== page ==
The danger of gender bias in relation to PCOS is prevalent. Birth control pills or implants are treatments that are often prescribed to women with irregular and painful menstrual cycles, as well as oily skin. In women without PCOS, birth control prevents unwanted pregnancies. In women with PCOS, it regulates the hormone imbalances causing infertility.
In November 2020, I took part in a fertility study at U of T. Equipped with a continuous glucose monitor to track my blood sugar, a Fitbit to observe my sleep patterns, and a daily hormone tracking device, I’m on an ongoing journey towards discovering my body and changing my preconceived beliefs about what it means to be a woman. Soon into beginning the study, I noticed irregularities in my fertility hormone tracker, which I presented to my family doctor. I had finally gathered proof that what I was experiencing wasn’t normal.
We live in a world where womanhood is equated with the ability to give birth. Learning about the state of my endocrine system made me question my femininity. I quickly became worried that my long-time partner would be upset for not being able to have children with me, but our conversation about it was one of the most eye-opening experiences I’ve had about my self-worth.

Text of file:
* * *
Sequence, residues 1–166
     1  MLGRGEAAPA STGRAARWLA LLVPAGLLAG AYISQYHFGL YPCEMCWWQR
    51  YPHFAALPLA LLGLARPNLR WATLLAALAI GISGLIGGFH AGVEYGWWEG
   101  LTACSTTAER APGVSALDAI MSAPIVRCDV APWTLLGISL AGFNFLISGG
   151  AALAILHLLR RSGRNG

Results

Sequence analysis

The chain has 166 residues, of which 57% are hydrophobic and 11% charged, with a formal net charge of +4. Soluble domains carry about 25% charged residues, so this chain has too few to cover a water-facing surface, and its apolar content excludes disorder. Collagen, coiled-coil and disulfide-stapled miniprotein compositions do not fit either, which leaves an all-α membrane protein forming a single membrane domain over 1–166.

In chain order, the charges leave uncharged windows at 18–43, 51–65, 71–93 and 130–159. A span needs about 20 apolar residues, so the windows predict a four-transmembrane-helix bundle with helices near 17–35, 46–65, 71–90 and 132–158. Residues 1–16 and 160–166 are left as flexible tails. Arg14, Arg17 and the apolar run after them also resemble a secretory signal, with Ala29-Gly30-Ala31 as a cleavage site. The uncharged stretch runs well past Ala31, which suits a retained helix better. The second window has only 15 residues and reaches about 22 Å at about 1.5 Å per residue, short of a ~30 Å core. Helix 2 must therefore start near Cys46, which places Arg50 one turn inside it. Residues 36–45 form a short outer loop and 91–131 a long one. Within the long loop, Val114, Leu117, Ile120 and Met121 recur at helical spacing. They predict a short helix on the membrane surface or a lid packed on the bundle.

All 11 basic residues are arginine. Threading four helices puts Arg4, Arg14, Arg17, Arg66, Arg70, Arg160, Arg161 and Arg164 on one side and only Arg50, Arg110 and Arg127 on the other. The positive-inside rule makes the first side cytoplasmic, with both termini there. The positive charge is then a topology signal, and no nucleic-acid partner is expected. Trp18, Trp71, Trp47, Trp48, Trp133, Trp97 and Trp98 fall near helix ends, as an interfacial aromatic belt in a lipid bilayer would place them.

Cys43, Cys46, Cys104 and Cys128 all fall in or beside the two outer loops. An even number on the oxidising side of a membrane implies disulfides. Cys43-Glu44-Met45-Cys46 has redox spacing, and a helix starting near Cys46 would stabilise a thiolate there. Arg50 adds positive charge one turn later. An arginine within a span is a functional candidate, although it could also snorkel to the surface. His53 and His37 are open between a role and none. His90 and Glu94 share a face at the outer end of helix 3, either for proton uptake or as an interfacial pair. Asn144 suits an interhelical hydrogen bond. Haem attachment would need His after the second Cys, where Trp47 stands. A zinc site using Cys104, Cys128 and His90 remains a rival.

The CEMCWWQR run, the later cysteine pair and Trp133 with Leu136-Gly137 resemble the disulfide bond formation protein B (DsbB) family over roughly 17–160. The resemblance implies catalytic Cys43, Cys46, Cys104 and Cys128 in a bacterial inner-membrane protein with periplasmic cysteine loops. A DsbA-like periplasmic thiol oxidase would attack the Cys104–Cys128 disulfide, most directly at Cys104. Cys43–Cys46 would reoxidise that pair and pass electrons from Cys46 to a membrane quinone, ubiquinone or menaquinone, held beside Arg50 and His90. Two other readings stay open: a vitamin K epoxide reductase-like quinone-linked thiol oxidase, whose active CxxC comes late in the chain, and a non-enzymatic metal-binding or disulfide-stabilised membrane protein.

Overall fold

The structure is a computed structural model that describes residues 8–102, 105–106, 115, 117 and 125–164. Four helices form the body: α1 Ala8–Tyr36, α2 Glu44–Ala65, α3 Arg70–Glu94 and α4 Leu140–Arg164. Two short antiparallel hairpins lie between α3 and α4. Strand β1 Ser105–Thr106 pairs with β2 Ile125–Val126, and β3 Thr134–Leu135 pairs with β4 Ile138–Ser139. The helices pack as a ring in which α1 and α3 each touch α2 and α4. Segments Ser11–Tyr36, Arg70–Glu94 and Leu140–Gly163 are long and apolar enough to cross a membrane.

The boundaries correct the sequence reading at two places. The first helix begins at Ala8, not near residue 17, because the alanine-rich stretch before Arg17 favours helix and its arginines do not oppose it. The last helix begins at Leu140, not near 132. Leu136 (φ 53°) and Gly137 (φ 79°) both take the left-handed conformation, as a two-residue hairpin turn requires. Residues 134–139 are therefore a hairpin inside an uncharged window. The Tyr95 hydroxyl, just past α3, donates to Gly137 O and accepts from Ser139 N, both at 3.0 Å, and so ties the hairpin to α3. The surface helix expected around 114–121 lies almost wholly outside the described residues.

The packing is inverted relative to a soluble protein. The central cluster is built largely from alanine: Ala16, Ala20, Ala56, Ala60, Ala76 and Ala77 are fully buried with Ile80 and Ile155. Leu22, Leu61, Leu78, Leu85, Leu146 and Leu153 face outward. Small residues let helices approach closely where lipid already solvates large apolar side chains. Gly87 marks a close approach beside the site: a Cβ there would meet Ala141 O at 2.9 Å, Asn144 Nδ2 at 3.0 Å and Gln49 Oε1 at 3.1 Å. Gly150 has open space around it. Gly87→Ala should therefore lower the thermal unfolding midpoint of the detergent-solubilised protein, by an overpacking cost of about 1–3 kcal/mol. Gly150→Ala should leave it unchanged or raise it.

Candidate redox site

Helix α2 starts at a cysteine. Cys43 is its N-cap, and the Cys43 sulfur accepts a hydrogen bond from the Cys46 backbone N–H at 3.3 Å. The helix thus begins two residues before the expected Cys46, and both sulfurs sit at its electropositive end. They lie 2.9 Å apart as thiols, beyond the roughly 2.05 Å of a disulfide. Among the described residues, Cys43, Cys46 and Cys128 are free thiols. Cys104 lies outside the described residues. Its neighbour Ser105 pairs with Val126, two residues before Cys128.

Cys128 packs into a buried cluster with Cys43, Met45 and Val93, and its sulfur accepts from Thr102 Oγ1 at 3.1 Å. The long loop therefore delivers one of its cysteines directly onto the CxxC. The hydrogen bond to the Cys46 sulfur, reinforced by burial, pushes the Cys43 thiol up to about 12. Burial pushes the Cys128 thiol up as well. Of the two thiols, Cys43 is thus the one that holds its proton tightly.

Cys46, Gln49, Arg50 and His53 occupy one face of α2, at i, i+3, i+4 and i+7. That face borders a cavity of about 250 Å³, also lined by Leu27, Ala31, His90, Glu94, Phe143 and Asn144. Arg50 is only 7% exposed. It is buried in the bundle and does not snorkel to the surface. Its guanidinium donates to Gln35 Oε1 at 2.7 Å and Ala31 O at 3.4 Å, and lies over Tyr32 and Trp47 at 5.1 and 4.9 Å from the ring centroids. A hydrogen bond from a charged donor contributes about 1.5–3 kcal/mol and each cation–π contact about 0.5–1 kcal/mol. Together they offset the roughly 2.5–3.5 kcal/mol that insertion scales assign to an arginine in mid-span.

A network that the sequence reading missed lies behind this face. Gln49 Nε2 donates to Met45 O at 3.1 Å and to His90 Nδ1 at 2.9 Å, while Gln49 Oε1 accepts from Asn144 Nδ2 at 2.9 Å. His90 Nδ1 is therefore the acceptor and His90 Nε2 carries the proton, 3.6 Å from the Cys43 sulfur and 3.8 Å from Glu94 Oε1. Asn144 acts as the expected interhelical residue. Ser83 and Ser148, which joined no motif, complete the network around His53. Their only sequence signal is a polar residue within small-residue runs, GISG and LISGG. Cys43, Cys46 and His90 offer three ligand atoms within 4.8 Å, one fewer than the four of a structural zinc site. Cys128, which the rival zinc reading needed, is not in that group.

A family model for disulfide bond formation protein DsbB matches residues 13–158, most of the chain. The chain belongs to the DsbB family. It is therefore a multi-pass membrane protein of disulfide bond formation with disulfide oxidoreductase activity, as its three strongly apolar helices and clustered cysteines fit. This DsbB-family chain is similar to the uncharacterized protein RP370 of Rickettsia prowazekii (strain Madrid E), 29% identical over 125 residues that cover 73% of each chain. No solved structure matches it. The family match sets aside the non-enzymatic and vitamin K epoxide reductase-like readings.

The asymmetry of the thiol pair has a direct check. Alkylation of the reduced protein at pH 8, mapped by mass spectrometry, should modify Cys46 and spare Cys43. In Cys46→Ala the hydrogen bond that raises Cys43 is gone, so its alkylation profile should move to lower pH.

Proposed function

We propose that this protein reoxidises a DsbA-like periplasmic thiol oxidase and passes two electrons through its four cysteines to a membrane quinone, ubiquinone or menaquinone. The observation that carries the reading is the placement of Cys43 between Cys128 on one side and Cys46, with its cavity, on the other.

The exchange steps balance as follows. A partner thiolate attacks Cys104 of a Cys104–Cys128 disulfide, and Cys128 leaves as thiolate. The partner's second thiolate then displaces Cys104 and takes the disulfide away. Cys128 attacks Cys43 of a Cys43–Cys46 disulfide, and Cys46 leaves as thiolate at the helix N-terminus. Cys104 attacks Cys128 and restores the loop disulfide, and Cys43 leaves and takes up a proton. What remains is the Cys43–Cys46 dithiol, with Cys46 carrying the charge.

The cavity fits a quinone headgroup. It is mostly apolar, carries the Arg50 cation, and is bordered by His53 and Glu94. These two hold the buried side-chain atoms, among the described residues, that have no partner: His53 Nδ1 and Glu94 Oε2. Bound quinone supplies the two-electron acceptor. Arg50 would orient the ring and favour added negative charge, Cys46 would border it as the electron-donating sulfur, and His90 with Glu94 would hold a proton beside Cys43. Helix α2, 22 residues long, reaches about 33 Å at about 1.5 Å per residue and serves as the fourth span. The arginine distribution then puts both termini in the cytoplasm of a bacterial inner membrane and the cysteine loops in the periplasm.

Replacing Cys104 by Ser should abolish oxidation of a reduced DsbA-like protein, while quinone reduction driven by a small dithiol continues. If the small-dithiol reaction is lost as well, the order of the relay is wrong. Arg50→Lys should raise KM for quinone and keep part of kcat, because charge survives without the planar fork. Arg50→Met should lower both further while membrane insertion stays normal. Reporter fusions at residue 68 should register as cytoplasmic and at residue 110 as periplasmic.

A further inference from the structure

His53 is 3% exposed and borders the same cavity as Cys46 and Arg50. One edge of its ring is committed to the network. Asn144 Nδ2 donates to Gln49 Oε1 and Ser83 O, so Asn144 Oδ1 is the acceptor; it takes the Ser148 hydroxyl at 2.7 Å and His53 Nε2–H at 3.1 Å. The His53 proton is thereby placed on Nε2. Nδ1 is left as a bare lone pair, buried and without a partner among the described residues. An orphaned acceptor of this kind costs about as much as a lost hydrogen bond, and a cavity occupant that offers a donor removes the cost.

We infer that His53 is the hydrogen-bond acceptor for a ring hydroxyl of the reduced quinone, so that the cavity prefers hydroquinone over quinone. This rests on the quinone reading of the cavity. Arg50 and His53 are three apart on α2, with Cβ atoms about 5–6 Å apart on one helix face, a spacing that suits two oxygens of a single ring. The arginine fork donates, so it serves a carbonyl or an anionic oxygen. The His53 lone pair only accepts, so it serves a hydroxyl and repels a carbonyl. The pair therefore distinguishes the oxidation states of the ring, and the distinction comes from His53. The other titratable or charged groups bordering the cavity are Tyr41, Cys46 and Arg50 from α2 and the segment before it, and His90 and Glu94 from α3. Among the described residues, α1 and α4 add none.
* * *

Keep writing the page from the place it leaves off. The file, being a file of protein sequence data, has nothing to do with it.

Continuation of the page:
Growing up, I was led to believe, like many women, that my self-worth lies within my willingness to be a mother. My experience through learning about my body and polycystic ovarian syndrome has helped me change that mindset. My femininity is not tied to my ovaries; it blooms through my creativity and intelligence.
Associate Features Editor (Volume 48 & 49) — A recent graduate from UTM, Dalainey is currently working on completing her post-graduate studies in Professional Writing in Ottawa. She previously served as Staff Writer for The Medium‘s 47th Volume and as Associate Features Editor for Volume 48. Through her passion for languages, Dal hopes to create a fun and inviting atmosphere for readers through her contributions to the paper. When she isn’t working, Dal focuses on developing digital art and writing her first novel. You can connect with Dal on her Instagram or LinkedIn.